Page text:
Goal #1 Explore Physics Work, Power, & Energy Dynamics. Angular & Linear Momentum – Balancing Torque Management – Gear systems Advanced Kinematics – Motion Analysis
Goal #2 Demonstrate Discussed Topics Seven hour bike ride in classroom. Maintain ~ 20 mph pace. (Ultimate goal = ~140 miles) Mandatory stretch break once per class. Bathroom breaks permitted! Additional stoppage allowed but ultimately reduces time to reach goal.
Goal #3 Monitor Physical and Biological Progress The following real-time information will be projected continuously for all to see: 1.Accumulated Mileage (miles) 2.Current Speed (miles per hour) 3.% of Max Heart Rate (based on 185 beats per minute) 4.Cadence (pedal strokes per minute)
Goal #4 Introduce the Seminole Cyclists Support American Diabetes Associations Tour de Cure Campaign Official 100 mile event is February 28 th. This is my warm-up! 100% of todays sponsorship will be passed to ADA for the February event.
Target Audience Primary Students of Mr. Luther Davis Physics Teacher, Lake Mary High School, Florida Material is integrated into Physics Curriculum Students of Lake Mary High School Additional Seminole Cyclists of Central Florida Fans of Cycling Fans of Physics
Work - Amount of energy required to accomplish a physical feat Newtons 1 st Law implies that once in motion, motion is maintained naturally. If cycling at a constant speed, why does the rider still have to do work?
Work Riders battle effects of air resistance and friction. If moving at a constant speed, the FORCE that a rider provides for forward motion is exactly equivalent to the sum of all resistances and frictions. This includes air/bike, air/rider, tires/road, chain/sprockets, bearings, etc.
Work Work = Force X Distance Force is provided by the rider via the drive train to the road to counteract resistance. Distance is the distance traveled. More Force or Distance means more work done.
Power - The rate at which work is accomplished If much work is accomplished in a short time, much power is produced. If little work is accomplished in a long time, little power is produced. Power = Work / Time Power has units of Wattage or Horsepower.
Power Most riders hover around 250 Watts (~0.3 hp). A sprinter may generate 2000 Watts (~2.5 hp) for a few seconds.
Power If a rider can reduce power and still be fast, they are efficient. One way to accomplish this is to sit in a more aerodynamic position.
Power Power is the best measure of a cyclists effort. However; it is difficult to measure the force a rider exerts providing forward motion. Electronic meters in rear wheels can measure power directly via sensors. Very expensive.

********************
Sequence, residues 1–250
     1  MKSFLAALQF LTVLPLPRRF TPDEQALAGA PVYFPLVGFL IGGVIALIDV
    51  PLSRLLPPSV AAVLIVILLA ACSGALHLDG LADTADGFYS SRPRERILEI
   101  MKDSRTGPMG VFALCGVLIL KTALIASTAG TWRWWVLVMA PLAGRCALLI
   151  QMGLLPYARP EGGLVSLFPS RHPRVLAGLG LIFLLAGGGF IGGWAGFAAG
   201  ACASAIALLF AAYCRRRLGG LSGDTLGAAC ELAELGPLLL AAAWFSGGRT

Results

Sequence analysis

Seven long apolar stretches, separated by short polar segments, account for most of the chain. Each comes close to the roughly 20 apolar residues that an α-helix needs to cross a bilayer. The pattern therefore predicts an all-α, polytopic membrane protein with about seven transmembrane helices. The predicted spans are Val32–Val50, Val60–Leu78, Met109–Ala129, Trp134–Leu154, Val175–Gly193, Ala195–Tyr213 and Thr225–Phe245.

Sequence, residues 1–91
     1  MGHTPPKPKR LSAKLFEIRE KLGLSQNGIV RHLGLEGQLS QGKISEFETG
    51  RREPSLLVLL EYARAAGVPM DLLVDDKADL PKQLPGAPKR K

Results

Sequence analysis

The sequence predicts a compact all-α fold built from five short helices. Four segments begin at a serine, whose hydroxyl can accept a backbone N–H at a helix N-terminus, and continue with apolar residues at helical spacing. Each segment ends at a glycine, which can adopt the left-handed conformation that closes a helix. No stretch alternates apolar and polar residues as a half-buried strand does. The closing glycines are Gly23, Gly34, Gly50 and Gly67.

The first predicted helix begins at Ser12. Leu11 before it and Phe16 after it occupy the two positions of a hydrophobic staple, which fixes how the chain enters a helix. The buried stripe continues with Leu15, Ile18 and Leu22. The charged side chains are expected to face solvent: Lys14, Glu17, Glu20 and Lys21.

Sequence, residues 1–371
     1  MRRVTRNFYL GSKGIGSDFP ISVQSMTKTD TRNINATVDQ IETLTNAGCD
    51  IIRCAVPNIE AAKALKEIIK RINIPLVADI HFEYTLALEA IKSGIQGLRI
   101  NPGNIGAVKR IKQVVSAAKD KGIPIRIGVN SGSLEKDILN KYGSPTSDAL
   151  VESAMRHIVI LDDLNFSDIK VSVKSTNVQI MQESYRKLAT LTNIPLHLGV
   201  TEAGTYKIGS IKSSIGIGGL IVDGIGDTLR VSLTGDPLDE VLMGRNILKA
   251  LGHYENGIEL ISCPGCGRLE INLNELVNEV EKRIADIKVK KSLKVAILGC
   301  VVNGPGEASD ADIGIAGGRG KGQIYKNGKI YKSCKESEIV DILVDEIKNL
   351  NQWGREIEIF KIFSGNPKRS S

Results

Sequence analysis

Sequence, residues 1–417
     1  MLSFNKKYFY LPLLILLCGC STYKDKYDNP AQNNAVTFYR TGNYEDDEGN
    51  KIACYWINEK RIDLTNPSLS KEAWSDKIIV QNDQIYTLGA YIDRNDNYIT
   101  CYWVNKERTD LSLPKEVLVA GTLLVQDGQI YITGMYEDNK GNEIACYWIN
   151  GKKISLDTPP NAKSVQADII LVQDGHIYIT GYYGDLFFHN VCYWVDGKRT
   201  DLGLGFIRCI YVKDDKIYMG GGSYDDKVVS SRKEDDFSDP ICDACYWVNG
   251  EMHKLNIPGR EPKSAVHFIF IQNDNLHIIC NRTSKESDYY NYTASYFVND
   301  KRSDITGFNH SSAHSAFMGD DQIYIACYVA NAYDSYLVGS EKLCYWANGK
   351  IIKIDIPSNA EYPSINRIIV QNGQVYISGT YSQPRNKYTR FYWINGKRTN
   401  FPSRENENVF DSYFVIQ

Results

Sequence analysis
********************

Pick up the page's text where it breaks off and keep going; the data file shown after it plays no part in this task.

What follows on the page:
Power Heart Rate – Another Measure of Power Heart Rate also indicates the power effort of a cyclist. A greater rate indicates a greater effort. However; heart rate data is fickle; it is affected by other factors such as stress, temperature, and sickness.
Power Heart Rate – A cheaper alternative Many sports watches offer heart rate monitoring. My chest sensor measures electrical impulses of the beating heart. I use percent of maximum heart rate to gauge my effort.
Power Heart Rate – What percents mean to me! 24% = Resting Heart Rate (44 bpm for 185 bpm maximum) 60% = Easy…Easy workout (111 bpm) 70% = Easy workout (130 bpm) 80% = Moderate difficultly workout (148 bpm) 90% = Hard workout, on verge of lactic threshold (167 bpm) 90% - 100% = Sprinting, unable to fully recover during ride.
Power Todays Plan… Traveling nearly 140 miles, I cant say Lets do a 85% workout! I plan to stay around 75%. I will NOT conduct sprints or intervals during the event. I would not fully recover and my ultimate goal would be in jeopardy.
A Stationary Bike is Unsafe A bike is unstable when not moving. It only has two contact points creating a line. It has no base for support. Consider the difference between a two and three legged chair!
Balance A Moving Bike is Stable Angular momentum keeps wheels behaving like gyroscopes. Angular momentum is a property of spinning objects. The bicycle wheel wants to maintain the same plane of orientation as it spins.
Balance More about Angular Momentum Effects Additionally, a wheel will naturally steer itself back under the center of gravity as a bike begins to lean. This effect helps maintain bicycle balance.
Balance Linear Momentum Effects Linear momentum is a result of an objects inertia. As a bicycle and rider travel, they themselves have a tendency to maintain the same travel path. Manual steering helps keep wheels under the center of gravity as well.